Car coverage covers you and other drivers while your vehicle is being driven. Car insurance can help you pay for third party costs in the event that you cause damage, injury, or death.
Some policies will pay for repairs or reimbursement of stolen or written-off cars.
Depending upon your policy, you might be covered while driving another person’s car.
What happens to my car if I don’t own insurance?
The rising cost of fuel, and the high cost of living make car insurance a significant expense. In certain countries, like the UK where car insurance is mandatory for all drivers, it can be legal.
Let’s imagine you’re driving happily along your route, your car uninsured. And then you get in an accident. If the other driver was not at fault, and you aren’t covered by their insurance, you may be able to collect money from them. For uninsured drivers, you could sue for damages.
If you were at fault for the accident, all the passengers in the vehicle you struck can seek compensation or take your assets. This can include your savings, a part of your paycheck, and possibly even more depending on the extent of damage. Insurance premiums for your future insurance will be higher for you than for someone similar to you.
It’s possible that cancelling your insurance, or even not taking out any, is still a way to save some money.
What type of insurance do I need for my car?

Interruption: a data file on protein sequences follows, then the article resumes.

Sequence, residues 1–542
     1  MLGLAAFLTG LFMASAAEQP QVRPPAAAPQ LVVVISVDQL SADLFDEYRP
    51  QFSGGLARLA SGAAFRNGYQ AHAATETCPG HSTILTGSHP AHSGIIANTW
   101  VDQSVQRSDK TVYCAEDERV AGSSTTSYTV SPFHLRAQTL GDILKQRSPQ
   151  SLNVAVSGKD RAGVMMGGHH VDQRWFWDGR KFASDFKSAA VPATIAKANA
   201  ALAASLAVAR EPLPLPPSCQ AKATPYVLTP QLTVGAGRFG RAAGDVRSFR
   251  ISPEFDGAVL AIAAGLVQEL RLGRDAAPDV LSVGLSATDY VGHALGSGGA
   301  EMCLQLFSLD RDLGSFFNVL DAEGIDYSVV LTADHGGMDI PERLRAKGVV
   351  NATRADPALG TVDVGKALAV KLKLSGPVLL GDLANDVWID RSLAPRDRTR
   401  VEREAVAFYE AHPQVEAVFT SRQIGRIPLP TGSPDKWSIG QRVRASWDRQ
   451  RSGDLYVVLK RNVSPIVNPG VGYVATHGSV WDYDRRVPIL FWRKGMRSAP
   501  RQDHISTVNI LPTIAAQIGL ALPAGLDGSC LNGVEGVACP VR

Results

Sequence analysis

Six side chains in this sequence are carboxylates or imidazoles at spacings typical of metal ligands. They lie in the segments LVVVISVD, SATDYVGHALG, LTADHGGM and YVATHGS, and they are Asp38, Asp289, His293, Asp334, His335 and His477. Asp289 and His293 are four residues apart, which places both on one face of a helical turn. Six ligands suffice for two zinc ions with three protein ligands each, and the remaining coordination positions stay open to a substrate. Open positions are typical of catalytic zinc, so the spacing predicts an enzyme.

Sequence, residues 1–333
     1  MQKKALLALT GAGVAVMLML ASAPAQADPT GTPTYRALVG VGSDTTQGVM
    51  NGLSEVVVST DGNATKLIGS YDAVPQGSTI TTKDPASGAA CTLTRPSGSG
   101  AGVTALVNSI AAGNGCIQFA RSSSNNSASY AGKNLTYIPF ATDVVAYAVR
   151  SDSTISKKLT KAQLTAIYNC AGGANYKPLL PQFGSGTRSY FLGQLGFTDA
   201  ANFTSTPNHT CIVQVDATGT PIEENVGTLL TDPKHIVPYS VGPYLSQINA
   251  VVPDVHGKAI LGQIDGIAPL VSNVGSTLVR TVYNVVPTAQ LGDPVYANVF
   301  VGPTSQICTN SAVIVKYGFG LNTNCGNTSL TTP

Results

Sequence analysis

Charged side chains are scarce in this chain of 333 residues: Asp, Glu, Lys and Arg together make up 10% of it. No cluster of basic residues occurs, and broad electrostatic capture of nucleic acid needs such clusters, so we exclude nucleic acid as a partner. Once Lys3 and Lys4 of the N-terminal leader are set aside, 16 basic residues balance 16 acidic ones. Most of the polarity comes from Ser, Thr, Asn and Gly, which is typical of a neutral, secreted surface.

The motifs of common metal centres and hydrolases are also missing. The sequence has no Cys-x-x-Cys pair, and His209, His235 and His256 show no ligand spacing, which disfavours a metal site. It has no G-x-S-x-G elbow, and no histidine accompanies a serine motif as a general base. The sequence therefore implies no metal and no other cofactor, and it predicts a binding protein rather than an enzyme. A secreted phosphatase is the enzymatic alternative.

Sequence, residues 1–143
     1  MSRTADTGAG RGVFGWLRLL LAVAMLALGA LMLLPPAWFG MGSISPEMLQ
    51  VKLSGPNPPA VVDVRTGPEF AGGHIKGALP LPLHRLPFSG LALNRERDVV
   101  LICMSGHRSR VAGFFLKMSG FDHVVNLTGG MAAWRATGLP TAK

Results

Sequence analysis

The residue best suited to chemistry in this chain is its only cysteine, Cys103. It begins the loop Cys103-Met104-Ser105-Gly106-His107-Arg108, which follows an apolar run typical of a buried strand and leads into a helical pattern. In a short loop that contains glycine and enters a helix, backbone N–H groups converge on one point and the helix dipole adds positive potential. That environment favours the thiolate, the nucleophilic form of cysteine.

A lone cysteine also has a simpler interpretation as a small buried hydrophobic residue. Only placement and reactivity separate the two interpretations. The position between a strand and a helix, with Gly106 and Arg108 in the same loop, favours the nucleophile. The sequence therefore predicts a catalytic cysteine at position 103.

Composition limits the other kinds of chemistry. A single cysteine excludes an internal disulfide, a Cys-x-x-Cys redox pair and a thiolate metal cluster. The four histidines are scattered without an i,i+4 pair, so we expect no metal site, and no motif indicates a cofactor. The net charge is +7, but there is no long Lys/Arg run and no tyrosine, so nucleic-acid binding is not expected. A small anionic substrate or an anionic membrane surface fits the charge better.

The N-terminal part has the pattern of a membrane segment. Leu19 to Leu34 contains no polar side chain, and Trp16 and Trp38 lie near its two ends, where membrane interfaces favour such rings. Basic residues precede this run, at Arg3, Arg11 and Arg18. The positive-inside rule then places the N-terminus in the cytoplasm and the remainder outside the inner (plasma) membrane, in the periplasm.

How do you determine the cost of your car insurance?
To find the best deal, compare policies from several insurance companies. While it can take some time to do so, the upside is that you will be able to save significant money.
You will pay more for car insurance if you have a specific make and type of vehicle, the location you live in, the security of the parking spaces you use (home and work), and your demographics. Also, you can influence the premium calculation by determining how your claims history and your claims history. Check out this link to see if speeding tickets could increase your car-insurance premium.
What is excess?
An excess is by definition the initial amount that you will be liable for in an insurance claim being settled. It is normally paid to the repairing agency responsible for your automobile after an collision. The excess is paid to them after the damage is repaired and before the vehicle can be driven away.
This amount is paid to you regardless of who caused the damage. This process is in place to prevent customers submitting fraudulent or minor claims.
Advice: Paying a higher excess will reduce your premium when you compare car insurances. A small claim is not worth the risk. To get a no-claim discount/ bonus, you should pay for repairs yourself.